Irish: Fionbharr

Discussion in 'Other Languages' started by queensbookseller, Aug 29, 2012.

  1. queensbookseller New Member

    San Francisco, CA (USA)
    English - American
    Hello,

    What is the correct Irish pronunciation of this name, and is there a common non-standard pronunciation in Ireland? That is, if an Irish person who did not speak Irish well had to read this name as written in Irish (while speaking English), would they likely pronounce it as a native Irish speaker would?

    Thank you!
     
  2. Tegs

    Tegs Mód ar líne

    Wales
    English (Ireland), Welsh, Irish
    I have only ever heard one pronunciation of this in Irish, which is "Finn-var" (although in my dialect of Irish - Ulster - a "bh" would usually pronounced more like a soft "w" sound). As for how an non-Irish speaking person would say it, it would depend on whether that person was familiar with the name or not, and whether they are familiar with Irish pronunciation rules. If not, God knows how they would pronounce it (e.g. few non-Irish speaking people know how to pronounce Deirdre correctly and just say Deer-dree instead).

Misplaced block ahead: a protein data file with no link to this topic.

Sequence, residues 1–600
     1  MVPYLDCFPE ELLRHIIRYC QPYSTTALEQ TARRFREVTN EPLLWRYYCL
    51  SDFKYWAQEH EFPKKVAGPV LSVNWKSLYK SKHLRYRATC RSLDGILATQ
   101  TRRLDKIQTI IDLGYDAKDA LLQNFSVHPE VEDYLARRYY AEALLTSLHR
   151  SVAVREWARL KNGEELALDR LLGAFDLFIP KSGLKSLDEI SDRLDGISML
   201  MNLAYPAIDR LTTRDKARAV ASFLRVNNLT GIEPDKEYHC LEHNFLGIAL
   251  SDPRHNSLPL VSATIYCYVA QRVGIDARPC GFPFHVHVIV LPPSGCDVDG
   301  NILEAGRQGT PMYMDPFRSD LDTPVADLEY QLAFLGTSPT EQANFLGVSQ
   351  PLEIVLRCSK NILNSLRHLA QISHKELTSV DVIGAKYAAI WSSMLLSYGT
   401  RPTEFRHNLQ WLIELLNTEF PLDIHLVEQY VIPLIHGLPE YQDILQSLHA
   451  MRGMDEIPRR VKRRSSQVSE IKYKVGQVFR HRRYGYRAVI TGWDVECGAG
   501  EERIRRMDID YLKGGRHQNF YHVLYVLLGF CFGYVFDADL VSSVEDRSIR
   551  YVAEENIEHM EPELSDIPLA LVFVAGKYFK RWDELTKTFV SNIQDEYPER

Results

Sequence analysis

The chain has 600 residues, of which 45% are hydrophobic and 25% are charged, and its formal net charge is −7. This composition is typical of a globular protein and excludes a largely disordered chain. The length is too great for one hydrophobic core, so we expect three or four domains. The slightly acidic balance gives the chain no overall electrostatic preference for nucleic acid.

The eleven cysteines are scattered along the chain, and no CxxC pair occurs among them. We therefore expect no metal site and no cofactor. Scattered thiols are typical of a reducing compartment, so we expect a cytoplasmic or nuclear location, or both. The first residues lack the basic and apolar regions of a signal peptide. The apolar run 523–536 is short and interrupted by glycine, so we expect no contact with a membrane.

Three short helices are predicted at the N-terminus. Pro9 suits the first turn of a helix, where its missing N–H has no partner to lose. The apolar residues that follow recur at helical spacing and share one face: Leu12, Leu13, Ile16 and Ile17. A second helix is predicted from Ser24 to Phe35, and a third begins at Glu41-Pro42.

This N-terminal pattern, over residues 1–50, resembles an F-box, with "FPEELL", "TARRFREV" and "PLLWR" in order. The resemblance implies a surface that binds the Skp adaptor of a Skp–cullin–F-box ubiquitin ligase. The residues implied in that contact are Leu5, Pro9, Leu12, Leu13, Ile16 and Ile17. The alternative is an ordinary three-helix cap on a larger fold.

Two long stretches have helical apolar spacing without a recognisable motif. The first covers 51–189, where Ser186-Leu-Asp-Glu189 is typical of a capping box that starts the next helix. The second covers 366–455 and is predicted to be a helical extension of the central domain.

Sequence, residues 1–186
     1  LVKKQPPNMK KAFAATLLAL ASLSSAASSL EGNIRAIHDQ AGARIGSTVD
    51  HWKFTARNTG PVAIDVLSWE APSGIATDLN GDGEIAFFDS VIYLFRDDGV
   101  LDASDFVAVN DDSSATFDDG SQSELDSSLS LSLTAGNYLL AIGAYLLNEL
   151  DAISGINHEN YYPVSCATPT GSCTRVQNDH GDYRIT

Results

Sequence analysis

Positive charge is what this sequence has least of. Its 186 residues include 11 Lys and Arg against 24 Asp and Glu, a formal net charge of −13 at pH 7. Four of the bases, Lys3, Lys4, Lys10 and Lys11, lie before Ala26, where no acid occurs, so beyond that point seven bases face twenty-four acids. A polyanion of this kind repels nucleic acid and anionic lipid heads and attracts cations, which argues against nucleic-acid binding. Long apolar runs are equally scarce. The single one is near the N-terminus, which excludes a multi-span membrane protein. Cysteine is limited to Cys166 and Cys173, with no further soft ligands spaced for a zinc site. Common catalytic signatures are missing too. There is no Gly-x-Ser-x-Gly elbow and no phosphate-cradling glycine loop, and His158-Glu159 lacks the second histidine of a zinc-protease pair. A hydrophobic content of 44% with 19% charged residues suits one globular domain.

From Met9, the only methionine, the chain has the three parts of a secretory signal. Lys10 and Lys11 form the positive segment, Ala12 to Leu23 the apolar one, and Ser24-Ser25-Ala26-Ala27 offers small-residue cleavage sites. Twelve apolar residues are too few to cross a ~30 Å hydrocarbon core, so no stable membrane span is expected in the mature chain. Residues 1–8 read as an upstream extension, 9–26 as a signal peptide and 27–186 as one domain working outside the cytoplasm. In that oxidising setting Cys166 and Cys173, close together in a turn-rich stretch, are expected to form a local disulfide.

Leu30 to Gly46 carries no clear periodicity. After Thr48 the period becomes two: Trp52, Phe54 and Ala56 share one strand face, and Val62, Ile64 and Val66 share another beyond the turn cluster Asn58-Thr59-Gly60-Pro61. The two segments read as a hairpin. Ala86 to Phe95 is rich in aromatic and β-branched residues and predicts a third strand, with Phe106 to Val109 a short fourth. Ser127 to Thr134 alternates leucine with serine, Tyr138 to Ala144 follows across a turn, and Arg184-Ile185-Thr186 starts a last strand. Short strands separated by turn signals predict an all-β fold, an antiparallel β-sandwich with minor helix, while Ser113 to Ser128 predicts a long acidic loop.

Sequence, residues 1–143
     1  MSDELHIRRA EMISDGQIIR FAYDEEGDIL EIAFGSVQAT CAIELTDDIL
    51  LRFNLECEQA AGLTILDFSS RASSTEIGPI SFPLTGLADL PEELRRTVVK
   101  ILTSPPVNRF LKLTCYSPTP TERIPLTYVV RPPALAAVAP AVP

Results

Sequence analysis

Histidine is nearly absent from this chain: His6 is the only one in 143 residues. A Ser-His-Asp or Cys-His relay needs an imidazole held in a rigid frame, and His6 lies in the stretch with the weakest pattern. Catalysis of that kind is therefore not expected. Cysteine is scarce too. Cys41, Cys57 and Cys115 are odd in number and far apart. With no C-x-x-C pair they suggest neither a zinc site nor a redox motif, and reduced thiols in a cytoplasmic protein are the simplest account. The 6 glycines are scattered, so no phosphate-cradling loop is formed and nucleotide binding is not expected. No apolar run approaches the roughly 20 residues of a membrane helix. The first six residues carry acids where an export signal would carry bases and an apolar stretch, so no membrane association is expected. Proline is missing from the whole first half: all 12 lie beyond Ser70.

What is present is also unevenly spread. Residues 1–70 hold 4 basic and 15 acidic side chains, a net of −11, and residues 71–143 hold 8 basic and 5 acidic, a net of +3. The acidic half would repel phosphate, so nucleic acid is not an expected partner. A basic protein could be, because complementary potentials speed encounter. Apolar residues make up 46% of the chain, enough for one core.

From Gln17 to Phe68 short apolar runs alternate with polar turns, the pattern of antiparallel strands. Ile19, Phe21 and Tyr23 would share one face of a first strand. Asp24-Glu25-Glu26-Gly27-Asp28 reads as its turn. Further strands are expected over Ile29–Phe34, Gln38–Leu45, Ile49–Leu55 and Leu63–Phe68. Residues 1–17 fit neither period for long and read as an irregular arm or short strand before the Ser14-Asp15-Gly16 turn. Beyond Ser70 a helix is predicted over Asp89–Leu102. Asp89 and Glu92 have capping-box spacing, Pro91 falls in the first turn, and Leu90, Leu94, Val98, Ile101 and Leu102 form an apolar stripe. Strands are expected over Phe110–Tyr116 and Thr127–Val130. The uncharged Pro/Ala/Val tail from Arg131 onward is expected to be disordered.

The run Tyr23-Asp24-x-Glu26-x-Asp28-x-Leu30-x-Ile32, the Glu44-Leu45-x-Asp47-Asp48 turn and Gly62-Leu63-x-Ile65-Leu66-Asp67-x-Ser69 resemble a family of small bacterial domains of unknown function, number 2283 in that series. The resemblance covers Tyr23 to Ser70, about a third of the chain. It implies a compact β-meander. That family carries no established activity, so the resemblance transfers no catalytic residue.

If they are familiar with it, they would be saying Finnvar.
     
    Last edited: Aug 29, 2012
  3. queensbookseller New Member

    San Francisco, CA (USA)
    English - American
    Thanks! Two other questions. Is the i in the first syllable normally pronounced short or long (i.e. like "it" or like "eat")? And is the r at the end of the word usually rolled?
     
  4. Tegs

    Tegs Mód ar líne

    Wales
    English (Ireland), Welsh, Irish
    No worries :) There are no rolled "r"s in Irish, so it's a regular American "r" :) The "i" is pronounced short - as in, fin, like a shark's fin.
     
  5. L'irlandais

    L'irlandais Senior Member

    Dreyeckland/Alsace region
    Ireland: English-speaking ♂
    Hello,
    I suspose it might be worth pointing out that Fionbharr is not all that common in Ireland. The English Finbar, or it's dimunitive Barry being more usual.

    Fionnbarra is the modern Irish version, meaning Fairhead (or Blond-haired)
     

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